In most systems, the CPU and graphics co-processor operate asynchronously. Typically, the graphics co-processor has an associated command buffer in which commands received from the CPU are queued until execution. The CPU generally issues an instruction to the co-processor by writing a command to the command buffer, then proceeds to its next task without waiting for the command to execute. In such designs, there is no guarantee that state commands (i.e., commands updating the state parameters of the output pipeline) will arrive at the co-processor at a time when it is “safe” to execute them, i.e., when changing the state will not create artifacts in the image. For example, changing the display resolution in mid-frame, generally makes the image look torn. Likewise, changing the position of a cursor or other image element in mid-frame can also lead to tearing. To avoid such artifacts, typical co-processors are designed to synchronize updates to the state registers with “blanking periods” (dead time) in the pipeline, e.g., between the last pixel of one frame and the first pixel of the next frame.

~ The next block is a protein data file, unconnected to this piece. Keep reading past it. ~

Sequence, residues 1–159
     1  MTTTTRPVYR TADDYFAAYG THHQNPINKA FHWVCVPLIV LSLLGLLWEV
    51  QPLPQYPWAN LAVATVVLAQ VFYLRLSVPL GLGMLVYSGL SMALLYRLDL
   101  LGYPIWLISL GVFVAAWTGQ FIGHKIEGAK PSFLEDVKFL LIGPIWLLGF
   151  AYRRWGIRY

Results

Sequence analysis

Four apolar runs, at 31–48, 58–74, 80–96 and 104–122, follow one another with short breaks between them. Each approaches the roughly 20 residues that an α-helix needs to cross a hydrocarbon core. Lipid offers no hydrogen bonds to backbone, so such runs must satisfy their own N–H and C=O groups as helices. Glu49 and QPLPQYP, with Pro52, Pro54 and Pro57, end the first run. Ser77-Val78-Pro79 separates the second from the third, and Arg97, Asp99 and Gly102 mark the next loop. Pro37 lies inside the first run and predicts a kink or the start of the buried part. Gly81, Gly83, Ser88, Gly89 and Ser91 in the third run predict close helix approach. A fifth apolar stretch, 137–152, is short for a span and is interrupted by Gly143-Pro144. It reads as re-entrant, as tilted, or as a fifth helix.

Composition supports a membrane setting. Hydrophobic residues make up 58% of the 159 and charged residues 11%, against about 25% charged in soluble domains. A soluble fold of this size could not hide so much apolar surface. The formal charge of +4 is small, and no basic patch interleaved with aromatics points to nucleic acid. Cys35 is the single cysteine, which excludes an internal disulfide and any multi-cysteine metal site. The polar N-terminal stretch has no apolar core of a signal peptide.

Synchronizing state updates with blanking intervals presents a number of challenges. First, the co-processor must be able to detect when a blanking interval occurs. This has traditionally been done by polling a register on the pixel data path to detect the blanking interval. Second, the co-processor must ensure that a complete, coherent set of state updates is committed before the blanking interval ends. If the display pipeline is short enough or the frame rate is low enough, an adequate blanking interval can be provided by speeding up the rate at which pixels are delivered to the pipeline during each frame to allow for more dead time between frames. The co-processor can simply wait for the last pixel of the old frame to clear the pipeline, then execute the state commands before the first pixel of the next frame enters the pipeline.